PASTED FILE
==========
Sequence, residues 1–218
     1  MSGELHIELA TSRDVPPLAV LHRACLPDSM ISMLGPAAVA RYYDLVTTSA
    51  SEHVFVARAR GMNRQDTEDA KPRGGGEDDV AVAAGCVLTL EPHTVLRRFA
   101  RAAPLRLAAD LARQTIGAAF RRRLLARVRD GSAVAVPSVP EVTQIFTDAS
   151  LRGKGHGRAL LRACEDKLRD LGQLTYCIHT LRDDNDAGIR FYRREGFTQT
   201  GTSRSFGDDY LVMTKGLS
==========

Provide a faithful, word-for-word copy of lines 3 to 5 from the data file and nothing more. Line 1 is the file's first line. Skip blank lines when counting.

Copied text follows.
    51  SEHVFVARAR GMNRQDTEDA KPRGGGEDDV AVAAGCVLTL EPHTVLRRFA
   101  RAAPLRLAAD LARQTIGAAF RRRLLARVRD GSAVAVPSVP EVTQIFTDAS
   151  LRGKGHGRAL LRACEDKLRD LGQLTYCIHT LRDDNDAGIR FYRREGFTQT